Monday, September 22, 2014


22 September 2014: Back from Norfolk (what a change in 46 years when I lived there! Wow!) and the Maritime Heritage Conference organized this year by the National Maritime Alliance. The conference is held every four years (this one was the 10th) in a seaport town/city. We were within a short wallk of the Nauticus complex which houses a brilliant museum, science center, and is home to the Hampton Roads Naval Musuem. It is also home to the retired battleship USS Wisconsin BB 64. The opening reception was held on her foredeck (fo'c'sle) - a truly awe inspiring vessel. Well over 100 people stood, chatted, listened to music, ate, drank, and enjoyed the evening and it was not a bit crowded! Her 16" guns in the forward turret overlooked the festivities - note the musicians sitting below the barrels!
 Those are some guns! They can fire a projectile weighing as much as a Volkswagon over 20 miles, and believe me, the "bullet" makes a really big hole!

The next day was the first day of panel discussions, seminars, and lectures. Obviously, I could not attend all of them, but tried to pick ones that would be of interest and interface with what I do. I also selected ones with interesting speakers. Some of them introduced new faces (for me) in the biz and some new interesting research. Naturally there were many on the War of 1812 - this is the final year of celebration of the bicentennial, after all - and I was pleased to hear some new thoughts and some new research presented. One talk of particular note was on the "forgotten" Battle of Essex (CT) and was the result of some serious "hands on" research and investigation and actually resulted in the government adding Essex to the National Battlefield Protection Act! An unheard of success! The research resulted in a book which I can recommend: The British Raid on Essex by Jerry Roberts. Very well done and interesting. Jerry, by the way, is a great storyteller!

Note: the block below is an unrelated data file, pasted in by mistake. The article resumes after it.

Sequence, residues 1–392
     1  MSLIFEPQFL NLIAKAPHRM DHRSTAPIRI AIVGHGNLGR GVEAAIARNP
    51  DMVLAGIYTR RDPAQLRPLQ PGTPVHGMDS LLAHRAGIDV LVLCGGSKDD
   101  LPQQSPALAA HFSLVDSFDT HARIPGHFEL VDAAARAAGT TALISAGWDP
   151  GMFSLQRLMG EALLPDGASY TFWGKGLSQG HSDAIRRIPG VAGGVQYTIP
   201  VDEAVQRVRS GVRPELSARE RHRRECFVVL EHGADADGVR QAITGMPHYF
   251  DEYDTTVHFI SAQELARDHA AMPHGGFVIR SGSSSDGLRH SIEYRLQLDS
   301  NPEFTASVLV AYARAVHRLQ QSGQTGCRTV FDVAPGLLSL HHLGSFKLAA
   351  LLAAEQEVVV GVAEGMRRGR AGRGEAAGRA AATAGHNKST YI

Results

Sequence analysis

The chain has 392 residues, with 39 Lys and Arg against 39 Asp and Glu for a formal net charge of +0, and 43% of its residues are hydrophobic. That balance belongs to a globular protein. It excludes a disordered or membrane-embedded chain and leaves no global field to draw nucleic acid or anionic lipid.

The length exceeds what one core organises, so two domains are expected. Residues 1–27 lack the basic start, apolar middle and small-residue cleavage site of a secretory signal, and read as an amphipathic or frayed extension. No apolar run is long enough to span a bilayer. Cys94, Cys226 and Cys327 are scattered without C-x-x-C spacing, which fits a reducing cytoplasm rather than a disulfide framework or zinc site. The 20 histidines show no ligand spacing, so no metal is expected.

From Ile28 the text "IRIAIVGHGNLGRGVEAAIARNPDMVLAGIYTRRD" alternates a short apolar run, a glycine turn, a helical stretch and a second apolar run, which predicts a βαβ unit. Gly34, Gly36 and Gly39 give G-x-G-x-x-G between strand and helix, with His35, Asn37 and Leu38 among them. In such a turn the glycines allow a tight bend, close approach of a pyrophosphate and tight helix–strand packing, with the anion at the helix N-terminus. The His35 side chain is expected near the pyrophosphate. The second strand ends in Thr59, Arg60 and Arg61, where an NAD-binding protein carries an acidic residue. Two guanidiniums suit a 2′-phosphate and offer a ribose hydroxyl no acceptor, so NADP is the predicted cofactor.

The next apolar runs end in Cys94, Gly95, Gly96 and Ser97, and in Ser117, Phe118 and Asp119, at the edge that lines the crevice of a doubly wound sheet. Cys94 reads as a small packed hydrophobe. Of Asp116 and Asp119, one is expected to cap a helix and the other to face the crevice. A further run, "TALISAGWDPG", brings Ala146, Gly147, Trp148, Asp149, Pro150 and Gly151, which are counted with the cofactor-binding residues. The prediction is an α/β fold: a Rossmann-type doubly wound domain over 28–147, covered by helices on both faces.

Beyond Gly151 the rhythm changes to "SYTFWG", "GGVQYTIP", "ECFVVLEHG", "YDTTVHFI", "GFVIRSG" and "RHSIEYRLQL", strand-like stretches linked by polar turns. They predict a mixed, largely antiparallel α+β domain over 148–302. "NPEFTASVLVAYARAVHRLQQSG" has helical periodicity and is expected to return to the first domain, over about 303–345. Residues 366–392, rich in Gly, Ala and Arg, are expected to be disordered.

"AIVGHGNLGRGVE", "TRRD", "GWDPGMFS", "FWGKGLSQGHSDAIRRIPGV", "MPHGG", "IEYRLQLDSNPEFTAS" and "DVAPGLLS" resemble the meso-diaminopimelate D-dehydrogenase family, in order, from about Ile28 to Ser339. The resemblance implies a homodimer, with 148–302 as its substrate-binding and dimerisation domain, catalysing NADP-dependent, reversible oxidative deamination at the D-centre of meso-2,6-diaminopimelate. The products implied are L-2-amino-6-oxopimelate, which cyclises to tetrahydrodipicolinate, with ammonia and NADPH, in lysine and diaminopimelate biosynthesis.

A couple of other sessions the first day were notable - there was one excellent one on the writing of The Star Spangled Banner which was well attended and likely the highlight of the day . . .  Just kidding - that was my lecture and it went well and I think people actually might have learned something from it! Those of you who stayed current on my blog in the weeks running up to the conference got an early look at it since those posts were mostly taken from the text of the talk.

So that's it for today; I will give you some info on the other days and the trip to the Newport News Mariners' Museum (wonderful!) tomorrow.

"A toast: To my country; right or wrong, my country!" Commodore Stephen Decatur

                                    Fair Winds,           
                                                 Old Salt

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